are given. you

will gain confidence in yourself, and without such confidence authority is impossible. Be sure that if you have any secret misgiving as to the wisdom of the order you give or as to your own power ultimately to enforce it, that misgiving will reveal itself in some subtle way, and your order will not be obeyed. An unpremeditated or an indefinite command-one the full significance of which you yourself have not understood-often proves to be a mistake, and has to be retracted. And every time you retract an order your authority is weakened. Never give a command unless you are sure you can enforce it, nor unless you mean to see that it is obeyed. You must

not shrink from any trouble which may be necessary to carry out a regulation you have once laid down. It may involve more trouble than you were prepared for; but that trouble you are bound to take, in your scholar's interest and in your own.

We must not evade the consequences of our own orders, even when we did not foresee or even desire all of them. The law once laid down should be regarded as a sacred thing, binding the lawgiver as much as the subject. Every breach of it on the scholar's part, and all wavering or evasion in the enforcement of it on your own, puts a premium on future disobedience and goes far to weaken in the whole of your pupils a sense of the sacredness of law.

And when rules and orders descend to details, your supervision should be so perfect, that you will certainly know whether in all these details the orders have been obeyed or not. Unless you can make arrangements for detecting a breach of law with certainty, do not lay down a law at all. It may be replied to this, that an attitude of habitual suspicion is not favourable to the cultivation of self-respect in a scholar; and that you want often to trust him, and shew you rely on his honour. True. The development of the conscience and of the sentiment of honour is one of your highest duties; but in cases where you can safely appeal to the sense of honour, it is not a command which is wanted, but a wish, a principle, a request. You explain that a certain course of action is right or desirable or honourable in itself; and you say to your scholar, 'Now I think you see what I mean; I shall trust you to do it.' part in some degree with your own prerogative as a governor, and invite him to take a share in his selfgovernment. But you do not put your wishes into the form of a command in this case. Commands are for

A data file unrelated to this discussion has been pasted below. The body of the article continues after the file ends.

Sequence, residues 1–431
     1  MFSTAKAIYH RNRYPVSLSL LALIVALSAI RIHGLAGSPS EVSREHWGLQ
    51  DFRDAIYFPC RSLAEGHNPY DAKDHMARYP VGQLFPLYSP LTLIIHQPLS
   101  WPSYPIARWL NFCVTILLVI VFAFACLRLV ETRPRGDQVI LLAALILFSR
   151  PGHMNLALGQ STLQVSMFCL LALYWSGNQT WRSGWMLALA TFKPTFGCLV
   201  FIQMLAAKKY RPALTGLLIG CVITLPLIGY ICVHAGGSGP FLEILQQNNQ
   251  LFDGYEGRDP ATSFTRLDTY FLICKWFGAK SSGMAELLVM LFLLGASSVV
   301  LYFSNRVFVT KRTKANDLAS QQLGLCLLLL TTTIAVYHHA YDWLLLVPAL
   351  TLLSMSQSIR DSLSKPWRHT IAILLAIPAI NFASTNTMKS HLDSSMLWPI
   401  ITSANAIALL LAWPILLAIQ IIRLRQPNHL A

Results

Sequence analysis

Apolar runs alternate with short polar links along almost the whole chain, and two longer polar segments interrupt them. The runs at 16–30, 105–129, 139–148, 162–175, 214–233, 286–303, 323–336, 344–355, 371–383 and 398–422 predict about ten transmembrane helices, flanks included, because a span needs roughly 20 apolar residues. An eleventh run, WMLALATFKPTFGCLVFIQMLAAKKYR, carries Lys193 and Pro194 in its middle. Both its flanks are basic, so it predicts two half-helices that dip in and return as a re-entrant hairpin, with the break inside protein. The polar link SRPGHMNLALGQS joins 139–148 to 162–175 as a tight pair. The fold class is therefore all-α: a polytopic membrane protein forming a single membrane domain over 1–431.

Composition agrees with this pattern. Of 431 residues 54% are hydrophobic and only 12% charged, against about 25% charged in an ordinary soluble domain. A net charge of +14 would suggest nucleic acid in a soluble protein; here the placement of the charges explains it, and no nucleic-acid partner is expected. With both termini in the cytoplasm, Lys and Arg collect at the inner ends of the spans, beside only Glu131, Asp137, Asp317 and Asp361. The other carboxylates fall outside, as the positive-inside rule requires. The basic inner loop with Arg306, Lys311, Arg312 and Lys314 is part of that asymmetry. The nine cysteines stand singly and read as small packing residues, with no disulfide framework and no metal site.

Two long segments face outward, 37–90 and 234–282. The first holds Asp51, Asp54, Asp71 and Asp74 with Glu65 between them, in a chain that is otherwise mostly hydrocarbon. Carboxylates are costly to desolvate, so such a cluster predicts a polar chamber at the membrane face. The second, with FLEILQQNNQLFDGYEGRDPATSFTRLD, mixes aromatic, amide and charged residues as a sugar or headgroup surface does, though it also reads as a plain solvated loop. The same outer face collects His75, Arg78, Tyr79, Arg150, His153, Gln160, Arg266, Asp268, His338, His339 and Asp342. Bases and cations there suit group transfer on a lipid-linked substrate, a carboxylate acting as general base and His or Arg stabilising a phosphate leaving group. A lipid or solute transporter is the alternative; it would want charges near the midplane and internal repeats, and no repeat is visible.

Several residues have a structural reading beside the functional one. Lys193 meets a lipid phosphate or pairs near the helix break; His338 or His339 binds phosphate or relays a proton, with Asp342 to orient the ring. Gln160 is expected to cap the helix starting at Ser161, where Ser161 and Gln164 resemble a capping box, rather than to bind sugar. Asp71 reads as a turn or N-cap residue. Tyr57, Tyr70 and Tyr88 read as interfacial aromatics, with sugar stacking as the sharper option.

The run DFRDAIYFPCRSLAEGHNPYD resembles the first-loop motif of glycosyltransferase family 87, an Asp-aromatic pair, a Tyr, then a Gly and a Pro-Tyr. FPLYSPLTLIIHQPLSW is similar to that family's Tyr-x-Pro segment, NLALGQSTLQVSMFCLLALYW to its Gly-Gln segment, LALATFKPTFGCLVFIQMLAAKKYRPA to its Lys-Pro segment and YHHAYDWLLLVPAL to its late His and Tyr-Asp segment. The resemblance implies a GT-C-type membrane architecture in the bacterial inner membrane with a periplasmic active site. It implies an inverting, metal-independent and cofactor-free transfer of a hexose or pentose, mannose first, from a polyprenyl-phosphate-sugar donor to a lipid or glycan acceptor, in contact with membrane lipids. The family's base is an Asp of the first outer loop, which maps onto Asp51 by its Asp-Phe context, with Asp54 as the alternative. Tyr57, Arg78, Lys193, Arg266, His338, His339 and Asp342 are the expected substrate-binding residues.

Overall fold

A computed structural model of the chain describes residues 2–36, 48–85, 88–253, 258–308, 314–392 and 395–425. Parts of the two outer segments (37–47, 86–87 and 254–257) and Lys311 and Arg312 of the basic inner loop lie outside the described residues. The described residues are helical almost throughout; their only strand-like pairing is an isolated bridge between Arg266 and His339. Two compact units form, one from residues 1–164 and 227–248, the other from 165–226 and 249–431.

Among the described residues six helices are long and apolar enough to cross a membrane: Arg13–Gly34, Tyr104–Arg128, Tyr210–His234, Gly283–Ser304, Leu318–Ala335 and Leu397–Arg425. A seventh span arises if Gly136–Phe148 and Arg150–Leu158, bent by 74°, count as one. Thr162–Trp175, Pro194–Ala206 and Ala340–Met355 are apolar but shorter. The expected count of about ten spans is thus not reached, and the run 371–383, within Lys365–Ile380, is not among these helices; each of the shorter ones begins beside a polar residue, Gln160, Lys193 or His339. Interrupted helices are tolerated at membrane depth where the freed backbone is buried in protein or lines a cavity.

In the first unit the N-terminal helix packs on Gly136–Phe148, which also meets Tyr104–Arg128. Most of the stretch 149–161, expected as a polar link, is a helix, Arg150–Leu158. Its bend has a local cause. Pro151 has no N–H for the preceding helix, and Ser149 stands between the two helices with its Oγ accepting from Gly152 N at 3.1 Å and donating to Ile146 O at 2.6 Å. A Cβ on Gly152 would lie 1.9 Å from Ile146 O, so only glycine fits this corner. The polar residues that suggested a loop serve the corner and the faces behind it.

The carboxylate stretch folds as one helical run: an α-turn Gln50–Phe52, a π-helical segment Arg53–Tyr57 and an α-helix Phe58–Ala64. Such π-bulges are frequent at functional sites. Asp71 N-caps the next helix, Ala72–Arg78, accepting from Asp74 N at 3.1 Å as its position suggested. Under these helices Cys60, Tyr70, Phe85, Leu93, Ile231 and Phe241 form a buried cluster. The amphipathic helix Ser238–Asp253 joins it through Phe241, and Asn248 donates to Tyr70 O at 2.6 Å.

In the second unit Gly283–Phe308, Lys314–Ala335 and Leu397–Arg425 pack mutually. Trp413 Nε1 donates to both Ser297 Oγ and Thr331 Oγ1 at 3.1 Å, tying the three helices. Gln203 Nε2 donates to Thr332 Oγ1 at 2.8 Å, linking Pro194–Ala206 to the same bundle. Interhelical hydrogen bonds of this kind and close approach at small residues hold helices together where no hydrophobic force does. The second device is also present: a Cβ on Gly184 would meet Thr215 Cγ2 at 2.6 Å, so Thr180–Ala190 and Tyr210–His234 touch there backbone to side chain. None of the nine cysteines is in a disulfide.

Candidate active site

That is, you

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those in whom the capacity for self-command is imperfectly developed; and in their case vigilance does not imply suspicion : it is for them absolutely needful to know that when you say a thing has to be done, you mean for certain to know whether it is done or not. Involuntary and mechanical obedience has to be learned first; the habit of conscious, voluntary rational obedience will come by slow degrees.

And let us not forget that admirable rule so often Overquoted from Jean Paul Richter, “Pas trop gouverner;" govern. we should not over-govern, we should never multiply avoided. commands, nor needlessly repeat one. Our governing force should be regarded by us as a bank reserve, on which we should be afraid to draw too often, because it may become 'exhausted. Every good ruler economizes power, and never puts it all forth at once. Children should feel, when they see us exercising authority, that there is a great reserve of unused strength and resolution behind, which they can neither see nor measure. It is not the visible exercise of power which impresses children most, but the unseen, which affects their imagination, and to which they can assign no limit. And this is most fully felt when the manner of putting forth strength is habitually calm and quiet, when you abstain from giving commands in regard to things which are indifferent, and when such commands as you give are few and short. “Even a grown man,” says Richter, “whom some one should follow all day long with moveable pulpit and stool of confession, from which to hurl sermons and anathemas, could never attain any real activity and moral freedom. How much less then a weak child, who at every step in life must be entangled with a 'stop,' 'run,' be quiet,' 'do this, do that? Your watch stops while you wind it up, and you everlastingly